"It's a moment in time and in history," Jean told The Associated Press as he went to hand in his candidacy papers at the election office in the capital, Port-au-Prince. "It's very emotional."

"The United States has Barack Obama and Haiti has Wyclef Jean," he shouted to cheering supporters, many wearing the free white T-shirts distributed by his backers with the campaign slogan "Face to Face".

The winner of the November 28 election will preside over the billions of dollars in international aid being channelled to Haiti to rebuild after the January 12 earthquake.

High profile

Jean has never held elected office but is widely admired in Haiti and credited with never having forgotten his Haitian roots.

The former Fugees star, best known for his work with Colombian pop star Shakira and their 2006 mega-hit "Hips Don't Lie", was born in Haiti but grew up in New York and later New Jersey.

"Regardless of what path I take next, one thing is certain: My focus on helping Haiti turn a new corner will only grow stronger"

Wyclef Jean, Haiti-born hiphop star

Jean has played a prominent role since the earthquake in raising funds for Haiti through his charity, the Yele Foundation, but stepped down as its leader earlier on Thursday following allegations of financial improprieties.

"I am not stepping down in my commitment to Haiti," Jean said in a statement.

"On the contrary, regardless of what path I take next, one thing is certain: My focus on helping Haiti turn a new corner will only grow stronger."

The January 12 quake killed an estimated 300,000 people, destroyed thousands of buildings, including most government ministries, and left some 1.5 million homeless survivors still living under tarpaulins and in makeshift tent cities.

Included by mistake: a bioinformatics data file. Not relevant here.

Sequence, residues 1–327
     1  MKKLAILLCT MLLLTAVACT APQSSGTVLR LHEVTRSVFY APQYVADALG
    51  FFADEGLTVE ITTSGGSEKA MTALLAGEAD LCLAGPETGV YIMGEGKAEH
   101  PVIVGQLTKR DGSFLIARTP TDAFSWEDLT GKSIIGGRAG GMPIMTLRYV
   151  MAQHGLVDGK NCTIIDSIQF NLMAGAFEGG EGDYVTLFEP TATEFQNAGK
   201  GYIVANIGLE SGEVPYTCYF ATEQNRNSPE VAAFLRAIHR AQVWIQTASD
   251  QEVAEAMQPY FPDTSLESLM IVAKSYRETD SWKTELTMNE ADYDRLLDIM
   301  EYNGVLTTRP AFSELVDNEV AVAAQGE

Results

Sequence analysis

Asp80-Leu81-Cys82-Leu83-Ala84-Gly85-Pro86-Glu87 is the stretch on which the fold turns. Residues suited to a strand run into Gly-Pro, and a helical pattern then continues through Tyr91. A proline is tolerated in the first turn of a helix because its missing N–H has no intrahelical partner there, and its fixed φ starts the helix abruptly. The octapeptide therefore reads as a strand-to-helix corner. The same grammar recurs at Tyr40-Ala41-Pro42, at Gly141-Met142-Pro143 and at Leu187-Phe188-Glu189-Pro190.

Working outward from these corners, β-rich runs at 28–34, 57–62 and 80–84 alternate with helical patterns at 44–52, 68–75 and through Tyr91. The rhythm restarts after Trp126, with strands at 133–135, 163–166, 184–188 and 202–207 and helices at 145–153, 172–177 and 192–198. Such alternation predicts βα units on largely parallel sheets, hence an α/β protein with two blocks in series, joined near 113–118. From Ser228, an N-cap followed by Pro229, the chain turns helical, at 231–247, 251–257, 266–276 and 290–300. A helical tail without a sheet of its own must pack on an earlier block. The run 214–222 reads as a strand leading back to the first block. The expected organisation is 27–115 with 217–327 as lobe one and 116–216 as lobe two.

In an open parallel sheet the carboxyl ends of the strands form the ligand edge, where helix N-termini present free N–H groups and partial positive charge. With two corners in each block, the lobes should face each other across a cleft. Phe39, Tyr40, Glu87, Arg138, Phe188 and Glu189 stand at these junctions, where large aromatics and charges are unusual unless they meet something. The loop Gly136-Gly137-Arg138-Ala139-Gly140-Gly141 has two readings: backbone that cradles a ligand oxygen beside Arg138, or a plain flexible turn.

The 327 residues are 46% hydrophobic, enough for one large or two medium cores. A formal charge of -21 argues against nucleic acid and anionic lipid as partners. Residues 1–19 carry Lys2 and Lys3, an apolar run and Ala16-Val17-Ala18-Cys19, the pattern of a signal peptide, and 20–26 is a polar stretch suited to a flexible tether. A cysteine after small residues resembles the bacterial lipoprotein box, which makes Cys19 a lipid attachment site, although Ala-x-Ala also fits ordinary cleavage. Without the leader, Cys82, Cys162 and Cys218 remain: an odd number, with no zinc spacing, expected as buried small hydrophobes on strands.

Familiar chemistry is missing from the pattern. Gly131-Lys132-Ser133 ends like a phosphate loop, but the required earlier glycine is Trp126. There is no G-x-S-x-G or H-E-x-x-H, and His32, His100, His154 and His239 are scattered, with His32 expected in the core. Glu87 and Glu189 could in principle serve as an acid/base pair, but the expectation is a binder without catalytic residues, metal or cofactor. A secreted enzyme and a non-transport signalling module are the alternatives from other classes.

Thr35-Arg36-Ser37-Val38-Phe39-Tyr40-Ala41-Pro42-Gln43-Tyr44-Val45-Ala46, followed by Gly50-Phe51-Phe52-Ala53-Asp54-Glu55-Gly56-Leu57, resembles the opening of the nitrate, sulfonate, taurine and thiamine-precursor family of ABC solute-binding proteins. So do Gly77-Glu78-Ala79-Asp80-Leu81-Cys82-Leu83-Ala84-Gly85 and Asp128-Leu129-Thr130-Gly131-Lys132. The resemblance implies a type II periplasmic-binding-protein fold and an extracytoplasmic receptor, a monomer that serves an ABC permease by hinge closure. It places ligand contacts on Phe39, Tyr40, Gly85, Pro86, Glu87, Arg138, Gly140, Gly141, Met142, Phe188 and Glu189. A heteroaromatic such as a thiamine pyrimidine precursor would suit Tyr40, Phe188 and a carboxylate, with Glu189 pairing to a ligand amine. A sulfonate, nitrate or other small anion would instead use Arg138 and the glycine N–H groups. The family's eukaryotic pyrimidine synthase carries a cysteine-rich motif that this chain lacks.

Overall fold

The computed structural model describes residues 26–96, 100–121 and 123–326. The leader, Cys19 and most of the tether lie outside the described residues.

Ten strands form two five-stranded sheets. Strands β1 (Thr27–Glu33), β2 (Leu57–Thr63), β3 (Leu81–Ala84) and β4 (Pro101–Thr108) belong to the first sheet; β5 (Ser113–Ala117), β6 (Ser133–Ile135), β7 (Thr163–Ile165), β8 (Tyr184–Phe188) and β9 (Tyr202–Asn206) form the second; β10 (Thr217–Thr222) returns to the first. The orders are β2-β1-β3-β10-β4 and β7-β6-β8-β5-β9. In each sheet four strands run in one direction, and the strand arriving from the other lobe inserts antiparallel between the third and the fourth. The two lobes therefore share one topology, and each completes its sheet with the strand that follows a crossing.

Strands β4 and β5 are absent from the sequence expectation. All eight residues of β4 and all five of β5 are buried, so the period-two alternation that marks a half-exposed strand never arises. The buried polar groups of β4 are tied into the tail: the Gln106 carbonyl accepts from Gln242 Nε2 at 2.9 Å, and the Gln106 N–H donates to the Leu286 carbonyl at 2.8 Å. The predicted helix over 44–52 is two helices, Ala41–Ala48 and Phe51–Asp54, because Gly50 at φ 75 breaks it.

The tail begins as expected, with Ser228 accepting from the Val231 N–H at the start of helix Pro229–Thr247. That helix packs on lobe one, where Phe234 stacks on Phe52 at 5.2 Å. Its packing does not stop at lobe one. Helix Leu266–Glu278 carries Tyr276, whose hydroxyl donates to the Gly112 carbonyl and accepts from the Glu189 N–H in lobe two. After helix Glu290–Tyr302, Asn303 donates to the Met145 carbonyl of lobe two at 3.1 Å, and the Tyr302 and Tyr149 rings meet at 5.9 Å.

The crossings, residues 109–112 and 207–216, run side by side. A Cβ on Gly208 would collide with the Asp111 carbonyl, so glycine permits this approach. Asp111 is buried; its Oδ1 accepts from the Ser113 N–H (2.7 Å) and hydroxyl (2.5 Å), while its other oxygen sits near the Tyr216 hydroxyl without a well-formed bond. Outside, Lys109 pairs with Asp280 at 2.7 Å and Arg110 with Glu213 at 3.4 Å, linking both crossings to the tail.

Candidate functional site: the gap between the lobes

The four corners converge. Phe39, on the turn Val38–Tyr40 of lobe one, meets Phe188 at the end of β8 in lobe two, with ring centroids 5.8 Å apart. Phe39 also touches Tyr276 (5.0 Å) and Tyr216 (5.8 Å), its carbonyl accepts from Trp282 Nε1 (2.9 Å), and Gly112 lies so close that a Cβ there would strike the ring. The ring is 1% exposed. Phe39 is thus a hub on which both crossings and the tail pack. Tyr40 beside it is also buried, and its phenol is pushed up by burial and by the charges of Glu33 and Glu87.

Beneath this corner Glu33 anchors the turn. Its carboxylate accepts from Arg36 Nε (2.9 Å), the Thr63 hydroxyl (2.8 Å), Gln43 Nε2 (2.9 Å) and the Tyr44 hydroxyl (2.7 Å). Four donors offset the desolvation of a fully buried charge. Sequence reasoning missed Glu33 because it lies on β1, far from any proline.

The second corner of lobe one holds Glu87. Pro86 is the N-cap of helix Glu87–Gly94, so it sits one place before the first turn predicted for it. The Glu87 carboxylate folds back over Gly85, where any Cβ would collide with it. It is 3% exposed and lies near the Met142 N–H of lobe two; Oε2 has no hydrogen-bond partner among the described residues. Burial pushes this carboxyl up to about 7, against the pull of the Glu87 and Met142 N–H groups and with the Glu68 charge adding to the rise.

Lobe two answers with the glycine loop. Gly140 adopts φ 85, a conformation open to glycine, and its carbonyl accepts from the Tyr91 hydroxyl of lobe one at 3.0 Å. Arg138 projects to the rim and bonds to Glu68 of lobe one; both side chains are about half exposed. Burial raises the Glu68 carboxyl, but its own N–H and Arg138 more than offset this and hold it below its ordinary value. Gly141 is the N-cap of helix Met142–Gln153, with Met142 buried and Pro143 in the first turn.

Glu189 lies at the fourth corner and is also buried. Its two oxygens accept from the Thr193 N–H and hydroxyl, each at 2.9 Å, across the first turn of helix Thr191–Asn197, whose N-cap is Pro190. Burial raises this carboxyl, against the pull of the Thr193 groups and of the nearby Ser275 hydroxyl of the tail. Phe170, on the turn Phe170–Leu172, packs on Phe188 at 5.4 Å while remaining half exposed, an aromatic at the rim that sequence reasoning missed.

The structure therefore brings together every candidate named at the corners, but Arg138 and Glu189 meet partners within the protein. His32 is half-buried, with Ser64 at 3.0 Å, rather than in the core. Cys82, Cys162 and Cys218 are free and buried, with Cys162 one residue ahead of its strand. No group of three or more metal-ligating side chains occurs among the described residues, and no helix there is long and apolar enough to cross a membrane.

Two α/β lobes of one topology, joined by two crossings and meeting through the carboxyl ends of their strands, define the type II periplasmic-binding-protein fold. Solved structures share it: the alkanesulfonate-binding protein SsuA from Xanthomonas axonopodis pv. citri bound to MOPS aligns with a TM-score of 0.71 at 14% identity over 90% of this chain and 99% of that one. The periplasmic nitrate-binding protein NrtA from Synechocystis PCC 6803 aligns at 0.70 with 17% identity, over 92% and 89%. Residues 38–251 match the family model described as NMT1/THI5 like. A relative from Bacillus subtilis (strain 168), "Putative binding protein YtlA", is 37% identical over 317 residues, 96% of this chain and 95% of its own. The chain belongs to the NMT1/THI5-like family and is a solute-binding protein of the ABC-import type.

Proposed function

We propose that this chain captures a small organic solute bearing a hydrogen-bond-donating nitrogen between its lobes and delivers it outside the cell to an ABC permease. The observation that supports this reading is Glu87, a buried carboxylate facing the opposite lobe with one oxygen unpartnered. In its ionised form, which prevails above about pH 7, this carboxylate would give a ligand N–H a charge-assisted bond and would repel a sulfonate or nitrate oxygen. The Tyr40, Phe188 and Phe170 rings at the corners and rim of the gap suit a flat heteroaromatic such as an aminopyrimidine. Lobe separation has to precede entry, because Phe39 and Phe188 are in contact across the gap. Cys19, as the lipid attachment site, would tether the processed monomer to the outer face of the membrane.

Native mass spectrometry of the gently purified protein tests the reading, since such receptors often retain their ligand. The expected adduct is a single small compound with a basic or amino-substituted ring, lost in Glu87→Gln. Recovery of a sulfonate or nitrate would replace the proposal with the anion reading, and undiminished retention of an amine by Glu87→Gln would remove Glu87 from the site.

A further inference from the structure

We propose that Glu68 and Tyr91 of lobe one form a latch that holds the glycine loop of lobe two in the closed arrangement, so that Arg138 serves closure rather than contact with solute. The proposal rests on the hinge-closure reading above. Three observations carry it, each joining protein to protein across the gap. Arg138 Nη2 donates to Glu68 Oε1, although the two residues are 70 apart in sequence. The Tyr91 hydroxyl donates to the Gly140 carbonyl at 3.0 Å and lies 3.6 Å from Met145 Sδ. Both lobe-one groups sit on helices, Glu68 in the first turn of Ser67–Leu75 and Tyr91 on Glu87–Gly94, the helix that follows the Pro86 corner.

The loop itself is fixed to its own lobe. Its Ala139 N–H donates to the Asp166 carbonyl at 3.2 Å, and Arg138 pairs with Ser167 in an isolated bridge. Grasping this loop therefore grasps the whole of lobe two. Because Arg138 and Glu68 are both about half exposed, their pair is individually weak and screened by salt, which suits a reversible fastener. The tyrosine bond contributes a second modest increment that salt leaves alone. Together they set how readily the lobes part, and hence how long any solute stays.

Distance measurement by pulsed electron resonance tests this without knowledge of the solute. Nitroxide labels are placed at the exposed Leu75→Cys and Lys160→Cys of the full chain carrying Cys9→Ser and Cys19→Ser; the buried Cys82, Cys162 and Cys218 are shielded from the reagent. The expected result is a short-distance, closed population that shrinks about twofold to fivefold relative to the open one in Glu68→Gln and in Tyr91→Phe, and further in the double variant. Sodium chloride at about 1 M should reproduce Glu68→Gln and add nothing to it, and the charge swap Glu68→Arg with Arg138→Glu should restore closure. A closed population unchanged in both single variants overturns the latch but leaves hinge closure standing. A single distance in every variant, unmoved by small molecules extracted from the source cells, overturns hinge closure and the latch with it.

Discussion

Among the most formidable rivals Jean could face if his candidacy is approved is Jacques-Edouard Alexis, Haiti's ousted ex-prime minister, who secured the backing of outgoing leader Rene Preval's powerful Unity party this week.

Preval, who is legally barred from seeking re-election, has faced widespread criticism for failing to aid victims of the quake and to launch a credible start to the huge task of rebuilding the country.

Though Jean has not lived in Haiti within the past five years, he is popular among young people and will probably attract a lot of interest, Kim Ives, a journalist for the newspaper Haiti Liberte, told Al Jazeera.

That makes the eight-member Provisional Electoral Council, which will vet his candidacy, more likely to approve him, Ives said.

But Jean still faces serious obstacles with the general population, he said, including the fiscal irregularities in his charity and his support for the 2004 coup d'etat that ousted President Jean-Bertrand Aristide.

"The vast majority, the masses in Haiti, are going to have real doubts about him and some of his affiliations," Ives said.